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Secure Web Forms & Struts Extensions

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November, 2004: Secure Web Forms & Struts Extensions

Hari is a technical architect for Infosys Technologies Limited. He can be contacted at harigopal_ponnapalli@infosys.com.


The role of the Web continues to grow in terms of commerce, banking, and enterprise financial applications. Privacy, authenticity, integrity, and nonrepudiation are key requirements to be addressed by such web applications where a face-to-face interaction is not possible. Privacy (confidentiality) is generally addressed through a secure communication protocol like Secure Sockets Layer (SSL). However, SSL does not address message nonrepudiation.

Nonrepudiation is the process of ensuring that the participants in a communication don't deny their commitments at a later time. In a paper-based world, nonrepudiation is addressed through handwritten signatures and receipts. Many web-based solutions use logs and audit trials to achieve this. But as audit logs cannot withstand as valid legal proof, service providers typically enter into private service agreements with users of systems to protect their interests. However, most of these service agreements generally claim no liability of service providers in case of any loss.

Digital signatures are a proven solution to address authentication and nonrepudiation. Digital signatures are based on public key cryptography and are electronic equivalents of handwritten signatures. Many countries have standardized the use of digital signatures into their legal infrastructure. However, currently not many web applications use digital signatures. From a developer's perspective, there are three primary reasons for this low adoption of digital signatures on the Web:

  • Lack of a uniform client-side technology to digitally sign transaction-related text on the Web.
  • Lack of direct support for digital signatures in popular web application frameworks.
  • Lack of awareness among the developer community on browser support for digital signatures.

To popularize the adoption of digital signatures into web applications, we need a uniform cross-browser digital signature library, possibly delivered as an integral feature of web application frameworks. In this article, I introduce one approach—secure web forms that provide a simple way of using digital signatures in web applications built using the Struts framework. A secure web form is a standard web form with contents that are digitally signed. Secure web forms provide form-level authentication and nonrepudiation.

Digital Signatures

Digital signatures let recipients of information verify the authenticity of the information's origin, integrity of content, and provide a mechanism for nonrepudiation. Fundamentally, a digital signature serves the same purpose as a handwritten signature.

Creating digital signature involves several steps, as illustrated in Figure 1:

  1. Sender (signer) calculates a mathematical summary (also called "hash code/ message digest") of the data to be signed. This hash code is a unique digital fingerprint of the data to be signed.
  2. Sender encrypts (signs) the digest generated in step 1 with the sender's private key. This encrypted digest forms the digital signature of the sender for that data.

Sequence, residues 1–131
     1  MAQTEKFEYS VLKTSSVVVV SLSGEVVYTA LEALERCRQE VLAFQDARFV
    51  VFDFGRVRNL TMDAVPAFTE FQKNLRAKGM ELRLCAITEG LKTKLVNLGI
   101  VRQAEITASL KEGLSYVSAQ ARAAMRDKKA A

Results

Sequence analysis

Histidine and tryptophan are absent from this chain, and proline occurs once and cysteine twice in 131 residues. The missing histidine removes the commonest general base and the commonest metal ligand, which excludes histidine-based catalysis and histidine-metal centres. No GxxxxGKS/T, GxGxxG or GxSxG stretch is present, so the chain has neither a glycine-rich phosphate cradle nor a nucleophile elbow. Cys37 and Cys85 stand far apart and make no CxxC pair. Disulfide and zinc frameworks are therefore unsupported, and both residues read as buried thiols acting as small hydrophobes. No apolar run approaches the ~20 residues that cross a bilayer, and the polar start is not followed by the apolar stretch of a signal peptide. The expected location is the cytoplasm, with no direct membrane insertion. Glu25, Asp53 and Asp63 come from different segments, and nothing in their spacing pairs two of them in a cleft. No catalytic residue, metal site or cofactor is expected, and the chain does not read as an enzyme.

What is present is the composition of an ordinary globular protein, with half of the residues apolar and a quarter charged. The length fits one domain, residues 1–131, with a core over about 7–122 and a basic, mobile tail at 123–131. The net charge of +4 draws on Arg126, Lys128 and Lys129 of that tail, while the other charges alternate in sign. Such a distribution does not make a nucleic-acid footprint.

3. Sender appends the signature generated in step 2 to the actual data to form a digitally signed message.

Likewise, digital signature verification involves several steps, as in Figure 2:

  1. Recipient takes data part of received message and generates a digest at its end running the same hashing algorithm.
  2. Recipient decrypts signature part of signed message using the sender's public key to retrieve the digest sent by sender.
  3. Recipient compares the digests from the above two steps.

If both digests match, then the data has not been altered. The recipient also knows that the correct sender has signed the data because only the sender has access to the corresponding private key used for this signature. This proves authenticity of source. Digital signatures stored persistently along with transactional data can be used as nonrepudiation proof.

(A general misconception is that digitally signed transactions provide confidentiality of data also, which is not true. Digitally signed data is just like a paper with a handwritten signature. Anyone can read the content but everyone knows who the owner of the content is by verifying that signature. As we do protect sensitive content on paper by properly sealing it in an envelope, encryption has to be applied on top of digitally signed data to protect it from intruders.)

Browser Support For Digital Signatures

Digital signatures are typically supported in Internet Explorer through COM components. Microsoft's CAPICOM COM component provides wrapper functionality for high-level digital signature creation/verification, as well as support for encryption/decryption and certificate management functionality. This uses the underlying Microsoft Cryptography API (CAPI). CAPICOM can be easily used in scripting languages such as JavaScript, VB Script, and the like to build secure web form applications (http://msdn.microsoft.com/library/default.asp?url=/library/en-us/security/ Security/capicom_reference.asp).

CAPICOM supports digital signatures in PKCS#7 format. PKCS#7 (Cryptographic Message Syntax Standard) provides general syntax for representing data that may have cryptography applied to it, such as digital signatures and digital envelopes. Public Key Cryptography Standards (PKCS) are specifications produced by RSA Labs in cooperation with worldwide security experts and vendors and they are widely supported by major vendors (http://www.rsasecurity.com/rsalabs/pkcs/).